Clean Technologies

The term clean technology first emerged in widespread use in the late 1980s to describe a group of emerging technologies and industries, based on principles of biology, resource efficiency, and second-generation production concepts in basic industries. Examples include: energy efficiency, selective catalytic reduction, non-toxic materials, water purification, and new paradigms in energy conservation.

Since the 1990s, interest in these technologies has increased with two trends: a decline in the relative cost of these technologies and a growing understanding of the link between industrial design used in the 19th century and early 20th century and an emerging understanding of human-caused impact on earth systems resulting from their use.

While there is no standard definition of "clean technology," it has been described as;

  • …a diverse range of products, services, and processes that harness renewable materials and energy sources, dramatically reduce the use of natural resources, and cut or eliminate emissions and waste…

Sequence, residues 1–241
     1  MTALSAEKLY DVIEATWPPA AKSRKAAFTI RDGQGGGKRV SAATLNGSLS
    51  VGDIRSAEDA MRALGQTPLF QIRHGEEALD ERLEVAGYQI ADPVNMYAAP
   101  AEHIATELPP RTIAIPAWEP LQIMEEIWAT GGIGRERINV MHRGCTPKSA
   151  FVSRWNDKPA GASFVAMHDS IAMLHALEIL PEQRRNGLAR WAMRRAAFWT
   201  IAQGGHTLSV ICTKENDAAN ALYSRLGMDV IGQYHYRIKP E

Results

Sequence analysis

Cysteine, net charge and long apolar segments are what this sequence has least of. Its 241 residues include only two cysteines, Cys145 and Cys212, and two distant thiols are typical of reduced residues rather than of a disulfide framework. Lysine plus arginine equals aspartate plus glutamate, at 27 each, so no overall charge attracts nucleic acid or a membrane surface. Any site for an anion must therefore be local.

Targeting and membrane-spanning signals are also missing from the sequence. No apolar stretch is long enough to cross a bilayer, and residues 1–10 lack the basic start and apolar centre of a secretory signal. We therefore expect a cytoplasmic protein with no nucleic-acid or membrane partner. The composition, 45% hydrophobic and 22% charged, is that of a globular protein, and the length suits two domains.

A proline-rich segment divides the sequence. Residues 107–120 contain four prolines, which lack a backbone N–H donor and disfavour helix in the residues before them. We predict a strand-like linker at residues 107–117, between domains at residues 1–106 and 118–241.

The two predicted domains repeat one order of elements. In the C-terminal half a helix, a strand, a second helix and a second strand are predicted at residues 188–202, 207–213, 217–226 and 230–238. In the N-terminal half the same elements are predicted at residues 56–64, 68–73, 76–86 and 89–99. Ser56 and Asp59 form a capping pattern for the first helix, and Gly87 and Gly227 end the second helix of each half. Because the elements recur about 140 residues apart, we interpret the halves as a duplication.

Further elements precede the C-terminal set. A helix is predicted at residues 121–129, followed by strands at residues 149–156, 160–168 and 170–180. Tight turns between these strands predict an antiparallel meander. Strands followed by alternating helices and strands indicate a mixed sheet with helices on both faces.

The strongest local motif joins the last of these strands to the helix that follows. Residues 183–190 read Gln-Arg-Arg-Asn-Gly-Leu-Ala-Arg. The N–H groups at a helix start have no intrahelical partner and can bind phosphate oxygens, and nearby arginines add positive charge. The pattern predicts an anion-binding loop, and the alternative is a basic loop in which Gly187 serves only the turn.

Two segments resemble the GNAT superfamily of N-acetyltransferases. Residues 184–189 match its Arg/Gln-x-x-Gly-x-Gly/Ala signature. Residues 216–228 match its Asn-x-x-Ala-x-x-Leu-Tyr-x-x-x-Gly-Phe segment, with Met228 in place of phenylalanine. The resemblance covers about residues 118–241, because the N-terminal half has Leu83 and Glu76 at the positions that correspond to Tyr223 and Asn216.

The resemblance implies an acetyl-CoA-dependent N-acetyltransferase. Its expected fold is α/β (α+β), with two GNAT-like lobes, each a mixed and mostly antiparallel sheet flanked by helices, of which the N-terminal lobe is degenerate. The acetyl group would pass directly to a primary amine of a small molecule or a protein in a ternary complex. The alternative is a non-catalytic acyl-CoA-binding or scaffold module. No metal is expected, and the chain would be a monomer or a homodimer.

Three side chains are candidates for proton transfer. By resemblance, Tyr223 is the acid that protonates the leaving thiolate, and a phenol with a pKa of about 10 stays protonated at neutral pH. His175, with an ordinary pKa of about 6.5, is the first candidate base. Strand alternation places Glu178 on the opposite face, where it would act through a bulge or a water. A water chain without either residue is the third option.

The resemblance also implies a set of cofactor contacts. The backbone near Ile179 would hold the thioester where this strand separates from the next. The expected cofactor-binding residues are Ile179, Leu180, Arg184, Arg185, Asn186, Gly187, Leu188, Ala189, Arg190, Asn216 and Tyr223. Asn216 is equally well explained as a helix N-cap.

• …any product, service, or process that delivers value using limited or zero non-renewable resources and/or creates significantly less waste than conventional offerings…

Clean technology is used to describe products or services that improve operational performance, productivity, or efficiency while reducing costs, inputs, energy consumption, waste, or environmental pollution. Its origin is the increased consumer, regulatory, and industry interest in and awareness of global warming, climate change, and the impact on the natural environment from the burning of fossil fuels.